(Reuters) - Oakland Raiders supporters are among the most passionate in the National Football League but their loyalty will be put to the ultimate test if the team win a bid to relocate to Los Angeles for the second time.
With the Raiders and city of Oakland far apart regarding stadium plans, team owner Mark Davis is looking to move his team to the second largest market in the United States as part of a joint proposal with the San Diego Chargers.
“I think the Raiders feel like they have the most transportable fans in any sport,” Robert Boland, director of the MBA and master’s sports administration program at Ohio University, told Reuters.
“And (if they relocate) they would be reconnecting, not with their core fans, but with a richer base of fans, demographically wealthier and more able to support a team in Los Angeles.”
It’s an all-too-familiar scenario for the team’s fan base -- known as Raider Nation -- as the franchise left Oakland for Los Angeles after the 1981 season before returning in 1995.
Davis has long stated his desire to keep the Raiders in Oakland, where they began playing in 1960 as a member of the American Football League, but the team’s current home has been a point of contention for years.
The Raiders, who play in the aging O.co Coliseum, are the only NFL franchise to share a home with a Major League Baseball team and the 49-year-old stadium has been plagued with plumbing and power issues for years.
But the Raiders’ lease expired at the O.co Coliseum and with little expectation of getting a new stadium in the Bay Area, the team is focused on heading back to Los Angeles, where the NFL has not had a team since the Raiders and Rams left 20 years ago.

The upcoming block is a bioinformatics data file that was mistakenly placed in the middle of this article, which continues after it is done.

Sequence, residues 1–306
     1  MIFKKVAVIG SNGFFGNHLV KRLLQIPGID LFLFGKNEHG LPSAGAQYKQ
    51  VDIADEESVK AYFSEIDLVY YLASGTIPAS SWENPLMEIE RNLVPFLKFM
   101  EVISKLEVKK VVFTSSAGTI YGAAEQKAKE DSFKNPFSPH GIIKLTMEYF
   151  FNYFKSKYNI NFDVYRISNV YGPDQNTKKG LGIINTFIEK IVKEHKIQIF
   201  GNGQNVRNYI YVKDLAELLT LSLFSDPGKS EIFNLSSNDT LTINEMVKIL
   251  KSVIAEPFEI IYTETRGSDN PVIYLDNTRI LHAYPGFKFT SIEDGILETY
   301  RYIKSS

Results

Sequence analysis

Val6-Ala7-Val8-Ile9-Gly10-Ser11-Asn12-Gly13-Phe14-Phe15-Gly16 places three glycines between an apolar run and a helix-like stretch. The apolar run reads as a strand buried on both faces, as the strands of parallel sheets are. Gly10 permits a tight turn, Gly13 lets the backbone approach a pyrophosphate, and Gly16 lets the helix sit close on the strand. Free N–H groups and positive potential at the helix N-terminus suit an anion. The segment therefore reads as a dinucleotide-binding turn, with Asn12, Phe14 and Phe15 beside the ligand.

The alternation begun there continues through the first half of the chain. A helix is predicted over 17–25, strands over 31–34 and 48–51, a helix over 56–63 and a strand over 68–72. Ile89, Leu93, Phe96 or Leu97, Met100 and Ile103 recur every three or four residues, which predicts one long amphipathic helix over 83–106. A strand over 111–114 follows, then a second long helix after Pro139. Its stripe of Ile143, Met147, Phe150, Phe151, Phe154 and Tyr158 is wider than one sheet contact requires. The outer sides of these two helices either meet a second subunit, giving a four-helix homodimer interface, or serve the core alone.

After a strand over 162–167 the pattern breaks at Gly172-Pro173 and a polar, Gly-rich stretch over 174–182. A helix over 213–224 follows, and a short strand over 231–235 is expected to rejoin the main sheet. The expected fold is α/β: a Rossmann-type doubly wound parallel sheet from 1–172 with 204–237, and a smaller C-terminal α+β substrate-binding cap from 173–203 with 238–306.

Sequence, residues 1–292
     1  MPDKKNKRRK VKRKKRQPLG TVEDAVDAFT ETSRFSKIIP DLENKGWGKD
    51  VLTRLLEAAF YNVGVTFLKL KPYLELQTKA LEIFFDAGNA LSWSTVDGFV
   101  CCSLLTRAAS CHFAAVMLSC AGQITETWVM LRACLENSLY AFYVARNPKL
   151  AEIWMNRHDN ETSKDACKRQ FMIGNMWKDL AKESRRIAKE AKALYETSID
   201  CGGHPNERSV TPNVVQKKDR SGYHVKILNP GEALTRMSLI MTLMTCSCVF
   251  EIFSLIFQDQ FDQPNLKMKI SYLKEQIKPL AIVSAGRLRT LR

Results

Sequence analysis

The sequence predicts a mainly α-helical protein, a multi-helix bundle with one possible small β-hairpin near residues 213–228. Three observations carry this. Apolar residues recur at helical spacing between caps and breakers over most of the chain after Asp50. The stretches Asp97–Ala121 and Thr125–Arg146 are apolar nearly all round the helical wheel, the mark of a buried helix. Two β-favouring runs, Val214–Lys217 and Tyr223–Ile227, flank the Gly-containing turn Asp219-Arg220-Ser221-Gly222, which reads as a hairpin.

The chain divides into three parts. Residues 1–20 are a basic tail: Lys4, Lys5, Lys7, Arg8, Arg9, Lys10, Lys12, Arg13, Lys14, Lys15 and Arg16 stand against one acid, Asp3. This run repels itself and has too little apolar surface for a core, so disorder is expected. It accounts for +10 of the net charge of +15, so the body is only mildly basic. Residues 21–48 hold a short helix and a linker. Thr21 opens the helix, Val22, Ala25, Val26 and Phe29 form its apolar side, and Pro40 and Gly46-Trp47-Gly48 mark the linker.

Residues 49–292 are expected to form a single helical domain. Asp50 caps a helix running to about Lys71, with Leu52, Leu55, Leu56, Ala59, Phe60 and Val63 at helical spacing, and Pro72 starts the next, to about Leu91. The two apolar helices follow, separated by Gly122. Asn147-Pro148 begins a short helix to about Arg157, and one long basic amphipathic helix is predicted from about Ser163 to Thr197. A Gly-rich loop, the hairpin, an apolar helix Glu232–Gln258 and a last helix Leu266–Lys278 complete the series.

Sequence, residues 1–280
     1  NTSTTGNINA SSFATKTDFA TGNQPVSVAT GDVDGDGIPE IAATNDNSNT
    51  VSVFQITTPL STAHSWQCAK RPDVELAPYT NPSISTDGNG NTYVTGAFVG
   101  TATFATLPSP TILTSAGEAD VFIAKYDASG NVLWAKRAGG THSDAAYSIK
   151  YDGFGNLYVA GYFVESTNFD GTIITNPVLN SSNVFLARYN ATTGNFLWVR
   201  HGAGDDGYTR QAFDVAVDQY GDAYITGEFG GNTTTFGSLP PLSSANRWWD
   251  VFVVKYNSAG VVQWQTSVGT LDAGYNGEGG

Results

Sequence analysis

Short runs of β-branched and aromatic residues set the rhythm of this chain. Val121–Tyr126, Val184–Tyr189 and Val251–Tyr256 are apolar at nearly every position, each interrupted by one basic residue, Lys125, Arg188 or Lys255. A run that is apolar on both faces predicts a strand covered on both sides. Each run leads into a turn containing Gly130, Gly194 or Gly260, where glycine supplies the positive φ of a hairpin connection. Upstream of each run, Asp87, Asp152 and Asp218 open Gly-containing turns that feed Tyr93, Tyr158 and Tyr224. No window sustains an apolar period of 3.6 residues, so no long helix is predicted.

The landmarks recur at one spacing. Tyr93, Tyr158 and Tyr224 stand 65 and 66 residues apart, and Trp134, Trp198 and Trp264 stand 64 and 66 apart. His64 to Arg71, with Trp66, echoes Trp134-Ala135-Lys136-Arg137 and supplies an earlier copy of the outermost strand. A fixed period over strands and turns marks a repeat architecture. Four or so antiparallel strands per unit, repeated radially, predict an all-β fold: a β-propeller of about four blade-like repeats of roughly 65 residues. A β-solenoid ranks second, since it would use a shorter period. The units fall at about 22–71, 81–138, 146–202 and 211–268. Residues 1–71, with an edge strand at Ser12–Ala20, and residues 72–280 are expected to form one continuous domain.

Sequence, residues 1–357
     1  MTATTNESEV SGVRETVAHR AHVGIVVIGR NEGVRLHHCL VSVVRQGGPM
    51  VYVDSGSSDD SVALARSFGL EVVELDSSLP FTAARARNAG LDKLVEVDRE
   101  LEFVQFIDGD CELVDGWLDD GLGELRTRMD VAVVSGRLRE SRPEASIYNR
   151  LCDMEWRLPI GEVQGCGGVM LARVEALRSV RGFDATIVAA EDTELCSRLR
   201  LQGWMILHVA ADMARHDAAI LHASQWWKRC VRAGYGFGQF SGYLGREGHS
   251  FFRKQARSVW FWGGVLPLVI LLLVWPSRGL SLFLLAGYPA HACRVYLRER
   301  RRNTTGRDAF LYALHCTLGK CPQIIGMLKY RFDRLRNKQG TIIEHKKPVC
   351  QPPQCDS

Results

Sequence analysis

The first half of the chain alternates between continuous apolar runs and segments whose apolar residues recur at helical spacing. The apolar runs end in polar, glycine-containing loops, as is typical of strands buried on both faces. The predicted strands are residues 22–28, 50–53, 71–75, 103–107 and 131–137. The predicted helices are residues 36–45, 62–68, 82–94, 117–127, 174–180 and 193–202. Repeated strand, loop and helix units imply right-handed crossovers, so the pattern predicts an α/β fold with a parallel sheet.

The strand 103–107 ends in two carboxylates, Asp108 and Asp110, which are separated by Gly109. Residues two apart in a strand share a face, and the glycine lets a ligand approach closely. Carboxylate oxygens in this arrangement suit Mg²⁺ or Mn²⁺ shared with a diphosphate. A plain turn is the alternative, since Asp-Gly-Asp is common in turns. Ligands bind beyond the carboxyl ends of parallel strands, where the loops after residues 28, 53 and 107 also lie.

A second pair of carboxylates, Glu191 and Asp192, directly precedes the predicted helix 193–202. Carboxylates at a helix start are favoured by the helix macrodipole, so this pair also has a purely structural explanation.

Oakland have not enjoyed a winning season since 2002 but that has not dampened an extensive fan base widely known for a distinctive team culture that sees many attend games wearing masks and outfits in the team’s silver and black colors.
The Raiders and Chargers are proposing to share a stadium in Carson, about 15 miles south of downtown Los Angeles, while the Rams owner is backing a venue in Inglewood, roughly 10 miles from downtown Los Angeles.
“It’s the manifest revenue capabilities that Los Angeles holds both in terms of the market and then in terms of a new stadium development,” Boland said of Oakland’s desire to move.
“So the idea for them is that whether it would be the Carson project developed with the Chargers, or even a partnership with the Rams, the Raiders are well equipped to step into a much bigger market, one they abandoned.”
To relocate, a team needs approval from 24 of the league’s 32 owners and a resolution could come as soon as the Jan. 12-13 NFL owners meetings in Houston.
Reporting by Frank Pingue in Toronto; Editing by Mark Lamport-Stokes